But the demonstrations have now become a focal point of anger at a president indifferent to the coronavirus death toll, tens of millions driven into unemployment, and an environmental emergency. There is also growing fear that America’s democracy is under threat.
Jean McNeil, a machinist, travelled from neighboring Washington state to join the demonstration outside the Portland courthouse where the federal paramilitaries are based.
“Honestly, I support Black Lives Matters but that’s not what got me here. I wanted to stand up to Trump. It feels to me like that’s what it’s really about for a lot of people here. We’re sick of this man and the damage he’s done, and this is the moment to stand up for our democracy because Trump is going to do everything he can between now and November to steal the election,” he said.
A Black Lives Matter protester carries an American flag as teargas fills the air outside the Mark O Hatfield United States courthouse in Portland. Photograph: Noah Berger/AP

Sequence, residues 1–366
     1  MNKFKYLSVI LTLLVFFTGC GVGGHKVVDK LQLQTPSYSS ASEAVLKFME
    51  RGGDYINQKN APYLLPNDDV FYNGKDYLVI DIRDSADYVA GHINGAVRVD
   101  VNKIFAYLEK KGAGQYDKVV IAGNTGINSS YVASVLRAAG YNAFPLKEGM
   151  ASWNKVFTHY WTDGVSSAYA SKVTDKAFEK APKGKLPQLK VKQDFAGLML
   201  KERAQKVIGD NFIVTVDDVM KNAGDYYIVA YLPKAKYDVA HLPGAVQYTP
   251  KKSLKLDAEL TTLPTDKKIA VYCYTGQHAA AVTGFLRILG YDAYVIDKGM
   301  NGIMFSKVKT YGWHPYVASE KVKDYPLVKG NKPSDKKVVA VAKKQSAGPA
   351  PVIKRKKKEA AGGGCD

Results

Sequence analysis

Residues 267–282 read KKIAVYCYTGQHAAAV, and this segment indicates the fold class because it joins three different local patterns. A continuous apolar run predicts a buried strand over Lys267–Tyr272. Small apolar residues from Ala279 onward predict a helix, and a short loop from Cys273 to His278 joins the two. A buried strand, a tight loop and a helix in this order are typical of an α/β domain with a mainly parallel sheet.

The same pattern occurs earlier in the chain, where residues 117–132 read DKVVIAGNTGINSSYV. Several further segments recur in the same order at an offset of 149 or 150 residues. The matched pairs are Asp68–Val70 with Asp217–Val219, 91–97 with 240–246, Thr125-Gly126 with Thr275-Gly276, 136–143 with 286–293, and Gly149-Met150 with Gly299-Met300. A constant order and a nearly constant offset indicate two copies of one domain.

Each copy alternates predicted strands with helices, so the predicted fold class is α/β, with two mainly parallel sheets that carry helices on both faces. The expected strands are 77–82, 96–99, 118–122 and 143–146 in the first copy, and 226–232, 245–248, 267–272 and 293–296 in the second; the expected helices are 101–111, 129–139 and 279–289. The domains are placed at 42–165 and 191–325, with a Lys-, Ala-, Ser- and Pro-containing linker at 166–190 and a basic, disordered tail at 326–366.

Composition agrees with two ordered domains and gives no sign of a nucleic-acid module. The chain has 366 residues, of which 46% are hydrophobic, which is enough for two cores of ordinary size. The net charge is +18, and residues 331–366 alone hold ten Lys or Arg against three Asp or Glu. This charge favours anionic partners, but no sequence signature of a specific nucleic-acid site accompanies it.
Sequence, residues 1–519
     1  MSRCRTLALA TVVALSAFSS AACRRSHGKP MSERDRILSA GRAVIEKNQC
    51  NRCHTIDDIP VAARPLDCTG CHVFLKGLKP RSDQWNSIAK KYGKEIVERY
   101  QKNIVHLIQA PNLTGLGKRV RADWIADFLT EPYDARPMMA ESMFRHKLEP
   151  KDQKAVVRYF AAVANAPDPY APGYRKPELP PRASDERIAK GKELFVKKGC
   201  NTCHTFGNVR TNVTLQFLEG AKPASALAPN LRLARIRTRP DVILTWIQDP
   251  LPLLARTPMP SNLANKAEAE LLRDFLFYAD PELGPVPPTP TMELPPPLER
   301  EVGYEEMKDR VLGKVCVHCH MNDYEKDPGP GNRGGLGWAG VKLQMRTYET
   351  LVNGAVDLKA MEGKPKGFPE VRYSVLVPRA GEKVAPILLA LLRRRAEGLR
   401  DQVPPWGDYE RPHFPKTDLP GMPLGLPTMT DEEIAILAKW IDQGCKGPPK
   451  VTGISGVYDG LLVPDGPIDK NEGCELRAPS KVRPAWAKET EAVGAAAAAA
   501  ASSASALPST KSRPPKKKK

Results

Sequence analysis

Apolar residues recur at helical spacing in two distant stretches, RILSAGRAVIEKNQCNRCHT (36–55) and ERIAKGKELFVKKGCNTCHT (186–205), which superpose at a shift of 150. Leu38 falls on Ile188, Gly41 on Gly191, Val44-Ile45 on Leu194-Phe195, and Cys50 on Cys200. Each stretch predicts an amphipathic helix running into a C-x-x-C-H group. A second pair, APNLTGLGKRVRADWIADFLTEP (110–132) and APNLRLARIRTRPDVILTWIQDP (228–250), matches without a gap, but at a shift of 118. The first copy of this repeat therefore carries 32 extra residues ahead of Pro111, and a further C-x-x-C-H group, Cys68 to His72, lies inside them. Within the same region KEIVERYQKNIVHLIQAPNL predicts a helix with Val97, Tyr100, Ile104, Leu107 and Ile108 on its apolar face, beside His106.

Lydia, a Teamsters union organizer who, like many protesters fearful of arrest, chose to give only her first name, agreed.
“People are out here for multiple reasons in addition to sending a message about Black Lives Matter. It’s about making sure that we have protected our right to protest and engage in free speech. It’s anger at Trump and his presidency and how much it’s really eroded our environmental protections, protections on the job for people, the economy is tanked,” she said.
Democratic political leaders in Oregon have accused Trump of politicizing the use of federal forces to provoke conflict in order to portray himself as a law and order president. Trump has said he will send thousands more officers into other cities, such as Chicago to combat gun violence, in a move widely interpreted as an attempt to stir unrest across the country as a distraction from his failure to address the pandemic and its economic consequences.
If so, the president is unlikely to be displeased that his intervention in Portland has reinvigorated the protests and escalated the confrontation between demonstrators and federal officers.
With neither side ready to back down, and the Trump administration preparing to send dozens more officers to Portland, there is growing concern that the nightly battles are playing into the president’s hands.